Monday, December 5, 2011

conferences at JNU

We have three important conferences happening at JNU. The first is the ISS conference next week (10th-13th December 2011). The ISS conference  will have two thousand sociologists visiting the Centre for the Study of Social Systems. It has a joint meeting point at the IIT, Delhi, where the young sociologists will gather. The second conference is on Alternative Education Networks and The Right to Education, where school teachers from Karnataka and Tamil Nadu will be in dialogue with JNU scholars on 10th and 11th February 2012. The third conference is on Arts and Aesthetics in a Globalising world ( which is hosted by the Association of Social Anthropologists, U.K and convened by Centre for the Study of Social Systems, JNU and School of Arts and Aesthetics, JNU in the first week of April 2012.

Saturday, December 3, 2011

Malampuzha Dam

This visit to Kerala had me visit the Malampuzha Dam  again. It is 10 kms from Pallakad. Last visit was in April 2011. I had met some engineers there, to ask them some questions about the release of water in summer. They were busy that day, so getting any information was hard. A Sociologist hanging around the precincts when they had an important meeting, on a very hot day was so irritating, that to my surprise, they locked the engineers in the room where they had a meeting, locked them in with a padlock. I went around hoping to meet someone who would tell me what they were discussing. Everything is a secret, so finally I was told that they were discussing the opening of the park since there were complaints from the tourists from Tamil Nadu that without the Park being open it was not at all enjoyable to come to the Dam. I am sure there were other  matters too such as the installation of CCTV cameras, but an interview with one of the officers who was available to talk to me, conveyed that the dam has been renovated, that in summer they provide water to the farmers and to Pallakad town, and after the rains, ofcourse there is no worry of any kind. So this visit, in November was useful, because the flower gardens were open, the picnic groups were out and the idea of people visiting from far off places to see the water works was clearly evident. "Its a big dam by Kerala standards, but a small dam by other standards." When things are in order, there is not much to say.

Monday, November 28, 2011


Thekkadi is lovely from my memories of 1968. My father's sister's husband took us there for a weekend, and I cannot remember if we saw  elephants or not. The word dam was not in our vocabulary, nobody thought Thekkadi was a dam.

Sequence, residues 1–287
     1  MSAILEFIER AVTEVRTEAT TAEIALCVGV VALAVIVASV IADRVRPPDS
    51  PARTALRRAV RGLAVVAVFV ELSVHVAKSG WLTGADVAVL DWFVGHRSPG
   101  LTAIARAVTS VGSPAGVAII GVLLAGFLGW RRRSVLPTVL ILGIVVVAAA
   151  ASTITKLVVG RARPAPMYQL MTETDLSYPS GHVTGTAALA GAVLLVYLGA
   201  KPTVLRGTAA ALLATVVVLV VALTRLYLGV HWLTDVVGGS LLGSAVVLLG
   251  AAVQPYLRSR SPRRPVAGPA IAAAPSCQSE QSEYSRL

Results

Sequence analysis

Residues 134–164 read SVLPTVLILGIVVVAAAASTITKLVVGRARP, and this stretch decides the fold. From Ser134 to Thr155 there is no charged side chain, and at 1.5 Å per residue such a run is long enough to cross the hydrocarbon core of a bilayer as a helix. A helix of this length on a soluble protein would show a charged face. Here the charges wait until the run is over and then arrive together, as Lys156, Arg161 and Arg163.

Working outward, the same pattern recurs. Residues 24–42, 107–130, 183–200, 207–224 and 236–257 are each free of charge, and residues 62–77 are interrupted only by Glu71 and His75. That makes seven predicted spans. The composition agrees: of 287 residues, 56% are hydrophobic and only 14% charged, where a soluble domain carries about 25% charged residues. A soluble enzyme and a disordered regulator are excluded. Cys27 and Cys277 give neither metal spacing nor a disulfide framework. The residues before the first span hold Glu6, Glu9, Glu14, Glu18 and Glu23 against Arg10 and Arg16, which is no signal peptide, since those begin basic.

Now that the debates on Dam sites, seismic zones and the advantage of small dams are well in place, why should there be a discussion of Kerala's intention to protect its people? Kerala and Tamil Nadu are symbiotic, Kerala's vegetables come from Tamil Nadu. Quite often people miss their flights from Coimbatore if they do not leave well in time from Pallakad because of the truckers jamming the road both ways. Its an old relationship, older than Madras Presidency, and the crafts of the two lands were entrenched by frequent crossings, and a common vocabulary. The Malayalis and the Tamils understand each other perfectly. The Malayalis are well aware of the dangers of construction being one of the greatest producers of engineers. Just ask the question "How many engineering colleges do you have in Kerala?" as I asked of a engineering Professor who was on the train from Haripad to Trivandrum going to a conference, and the answer would dazzle anyone. My friend Tara and I travelling through Pallakad, Haripad, Allapuzha and Trivandrum realised suddenly thats why the humanities do not show up significantly in general education. But then, what about the Kerala Sociologists conference? How many turn up for those? The number there too is stunning. Or for the Film conferences in Trivandrum initaited by Beena Paul. And now the Literature conferences too show how involved the Malayalis are with postmodernity and its questions. The dam is not about control, it is about a  continuing relationship which includes town, country and tribal settlements, and the survival of several millions of people. Small dams are the political motif as the save ganga projects have clearly communicated, and this dam too must be rethought for the future of the earth in just such terms.